Even the Greeks were not allowed to use their own language during the three hundred years of Ottoman rule. They had to speak the language of the conquerors. There were the hidden schools (to krifo scholio) that were visited secretly at night.
In these schools one learned the letters and the grammar of the lost language. However, they were not allowed to be used for literature, religion and philosophy. They were silenced and mute.

When the Frankfurt Book Fair was dedicated to Greece 20 years ago, the FAZ reported that the Greeks had lost the skills of Homer, Socrates, Plato and Aristotle. But now they can dance and sing. If you have no language and no soul, you end up in the realm of Lacanian enjoyment. Freud would call it the realm of the pleasure principle. The true desire implied in all other realms such as narrative, philosophy, literature, poetry, even science was corrupted and also not allowed. How many years it will take a nation to find its lost soul and use it for desire is not yet known.

There is an economic and a spiritual exile

But National Socialism also caused the Germans to lose their old language and ethics as well as their soul. How else could you, as the mayor of a city, move into a Jewish villa with your family when the Jews had perished in the Holocaust. Holocaust means completely burned in Greek. So I'm moving into the house of the burned out. Only mice and rats can move into such a house, but never people who are aware of morals and ethics.

If you lose your homeland, you end up in exile. But there are certainly different exiles, as James Joyce notes:
"In exile we said, but it is important to distinguish here: there is an economic and a spiritual exile" (2)

James Joyce also sought spiritual salvation in exile in Trieste, because his homeland was threatened by political and religious attacks and restricted his creative freedom. But if one does not voluntarily lose one's homeland, like the Israelites and Greeks already mentioned, one falls into a different status. - Elias Canetti describes the condition with slavery. He says it turns you into an animal that has no language. These transformed animals or birds can only bark and caw.

"So the juridical definition of the slave as property and property is misleading. He is an animal and property. One can best compare the individual slave with a dog. The captured dog has been detached from its pack and isolated. He is under the orders of his master. He abandons his own enterprises so far as they go against these commands, and in return is fed by the Lord... Just as the Lord does not permit his dog to hunt what he pleases, but narrows the scope of that hunt according to his superior utility, so he also relieves the slave of one trained transformation after the other...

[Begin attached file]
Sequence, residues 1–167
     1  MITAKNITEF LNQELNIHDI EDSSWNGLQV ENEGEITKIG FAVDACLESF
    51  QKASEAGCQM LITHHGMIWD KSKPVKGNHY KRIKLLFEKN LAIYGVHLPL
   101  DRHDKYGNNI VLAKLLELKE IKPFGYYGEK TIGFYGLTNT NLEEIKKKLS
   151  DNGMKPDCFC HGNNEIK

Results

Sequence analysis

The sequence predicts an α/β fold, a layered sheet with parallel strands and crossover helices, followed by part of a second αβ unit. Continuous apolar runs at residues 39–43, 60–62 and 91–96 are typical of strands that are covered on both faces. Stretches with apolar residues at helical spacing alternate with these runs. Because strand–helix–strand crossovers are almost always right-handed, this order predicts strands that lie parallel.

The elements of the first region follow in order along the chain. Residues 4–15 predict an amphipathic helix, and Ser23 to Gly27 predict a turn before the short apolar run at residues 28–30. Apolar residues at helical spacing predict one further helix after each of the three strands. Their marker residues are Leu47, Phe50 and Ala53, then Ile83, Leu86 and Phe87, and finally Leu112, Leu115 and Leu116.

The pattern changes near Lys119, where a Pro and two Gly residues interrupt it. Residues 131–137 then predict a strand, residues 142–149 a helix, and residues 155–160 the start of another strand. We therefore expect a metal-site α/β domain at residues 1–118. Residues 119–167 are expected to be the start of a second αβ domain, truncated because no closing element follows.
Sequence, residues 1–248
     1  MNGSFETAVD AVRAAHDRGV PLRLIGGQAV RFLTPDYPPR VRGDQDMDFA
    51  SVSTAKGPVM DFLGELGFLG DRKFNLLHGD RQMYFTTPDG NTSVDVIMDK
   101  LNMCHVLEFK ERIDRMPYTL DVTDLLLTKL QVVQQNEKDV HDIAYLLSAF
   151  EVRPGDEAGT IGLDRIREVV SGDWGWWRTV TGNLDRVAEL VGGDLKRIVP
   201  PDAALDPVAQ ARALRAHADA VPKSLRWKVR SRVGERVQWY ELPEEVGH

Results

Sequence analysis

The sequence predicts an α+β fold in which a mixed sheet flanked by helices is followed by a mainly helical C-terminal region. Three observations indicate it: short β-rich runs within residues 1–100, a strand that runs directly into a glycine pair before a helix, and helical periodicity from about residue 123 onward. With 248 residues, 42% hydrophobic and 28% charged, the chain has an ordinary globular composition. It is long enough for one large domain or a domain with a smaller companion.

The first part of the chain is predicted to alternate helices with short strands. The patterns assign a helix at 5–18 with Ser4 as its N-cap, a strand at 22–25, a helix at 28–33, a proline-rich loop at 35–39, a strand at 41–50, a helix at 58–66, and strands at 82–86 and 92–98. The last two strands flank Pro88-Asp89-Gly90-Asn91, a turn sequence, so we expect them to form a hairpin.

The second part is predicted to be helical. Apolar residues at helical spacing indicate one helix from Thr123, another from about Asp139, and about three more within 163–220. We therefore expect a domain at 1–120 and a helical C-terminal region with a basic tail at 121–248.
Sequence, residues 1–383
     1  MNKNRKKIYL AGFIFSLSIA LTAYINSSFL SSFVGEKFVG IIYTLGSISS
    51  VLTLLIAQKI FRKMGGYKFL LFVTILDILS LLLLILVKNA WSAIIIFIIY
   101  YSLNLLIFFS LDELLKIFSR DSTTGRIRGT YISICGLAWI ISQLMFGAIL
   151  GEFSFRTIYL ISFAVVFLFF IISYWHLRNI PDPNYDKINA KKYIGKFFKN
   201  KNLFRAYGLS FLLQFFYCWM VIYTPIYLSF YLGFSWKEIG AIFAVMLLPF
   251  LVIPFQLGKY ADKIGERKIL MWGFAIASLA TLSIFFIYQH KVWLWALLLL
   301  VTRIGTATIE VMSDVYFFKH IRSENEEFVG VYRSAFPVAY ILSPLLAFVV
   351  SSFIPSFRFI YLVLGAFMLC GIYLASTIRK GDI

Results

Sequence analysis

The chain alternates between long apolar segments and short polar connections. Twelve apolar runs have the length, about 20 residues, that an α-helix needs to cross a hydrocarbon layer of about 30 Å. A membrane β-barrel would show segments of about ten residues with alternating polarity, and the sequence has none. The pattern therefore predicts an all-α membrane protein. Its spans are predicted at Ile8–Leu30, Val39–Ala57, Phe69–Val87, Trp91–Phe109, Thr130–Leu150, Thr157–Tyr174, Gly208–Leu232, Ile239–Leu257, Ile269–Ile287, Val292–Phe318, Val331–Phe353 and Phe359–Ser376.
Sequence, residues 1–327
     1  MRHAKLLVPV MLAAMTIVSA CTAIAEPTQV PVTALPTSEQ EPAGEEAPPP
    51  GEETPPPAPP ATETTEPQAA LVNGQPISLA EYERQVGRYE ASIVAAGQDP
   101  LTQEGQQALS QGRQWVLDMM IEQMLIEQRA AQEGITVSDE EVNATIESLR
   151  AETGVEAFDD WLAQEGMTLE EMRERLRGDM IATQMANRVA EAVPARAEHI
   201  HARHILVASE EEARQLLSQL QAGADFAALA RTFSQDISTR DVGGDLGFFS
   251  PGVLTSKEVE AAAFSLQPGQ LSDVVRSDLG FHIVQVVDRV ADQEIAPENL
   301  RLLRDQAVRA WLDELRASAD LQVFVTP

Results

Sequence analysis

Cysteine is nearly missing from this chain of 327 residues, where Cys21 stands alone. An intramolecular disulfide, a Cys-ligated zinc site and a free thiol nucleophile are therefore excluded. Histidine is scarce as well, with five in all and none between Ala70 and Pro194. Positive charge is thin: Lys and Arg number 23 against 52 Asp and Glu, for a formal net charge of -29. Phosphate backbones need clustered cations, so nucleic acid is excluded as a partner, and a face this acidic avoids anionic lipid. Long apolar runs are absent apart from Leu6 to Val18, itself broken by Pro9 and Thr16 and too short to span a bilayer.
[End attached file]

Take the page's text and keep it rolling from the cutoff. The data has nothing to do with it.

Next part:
Like Zeus, art can give birth to its own Athena

From the beginning there must have been two different types of slaves: some tied alone like a domestic dog to a master, others together like flocks in the pasture... The desire to make men into animals is the strongest impetus for them Spread of slavery.” (3)
You are transformed into an animal under foreign rule, as Kafka often addresses in his stories such as "A Hunger Artist", "The Metamorphosis" or "Josefine, the Singer or the Folk of Mice".

“Our singer's name is Josefine. Anyone who has not heard them does not know the power of song.” (4)

In the story "Metamorphosis", the protagonist turns into a crawling animal, which stops using human language. But with his eyes he sees everything that happens around him. Under his father's dictatorial rule, Kafka was also unlikely to have a soul. But literature not only helped him, but also gave him a soul. Otherwise we wouldn't know anything about him. Literature and creativity belong, among other things, to the saviors of the soul, or help one to regain one's own soul. Just as Athena was once born from the head of Zeus, one can also give birth to one's own Athena through art.

Aris Kalaizis does the same with painting. With his art and the painting "Homeland" he addresses and brings to light parameters that may have also taken place in his biography.


Gesammelte Werke, Werke aus den Jahren 1917-1920, Band XII, Das Unheimliche, Fischer Verlag, Frankfurt am Main, 1966, P. 231-232, 248
Jean Paris, Joyce, Rowohlts Monographien, Hamburg, 1982, P. 32
Elias Canetti: Masse und Macht, Fischer Verlag, Frankfurt am Main, P. 430-431
Franz Kafka, Erzählungen, Fischer Taschenbuchverlag, Frankfurt am Main, 2002, P. 518

©2020 Fotini Ladaki | Aris Kalaizis
©2020 Fotini Ladaki
©2020 Fotini Ladaki

Fotini Ladaki was born in northern Greece in 1952. A psychoanalyst after Lacan and Freud, she works in her own practice in Cologne. She is also a freelance writer.

In addition to several essays on art and psychoanalysis, plays, stories and poetry, she has also written ‘Moritz’ by Gerhard Richter. About the horror of seeing the experience of being. Her other publications can be found on

She lives and works in Cologne

©2020 Fotini Ladaki | Aris Kalaizis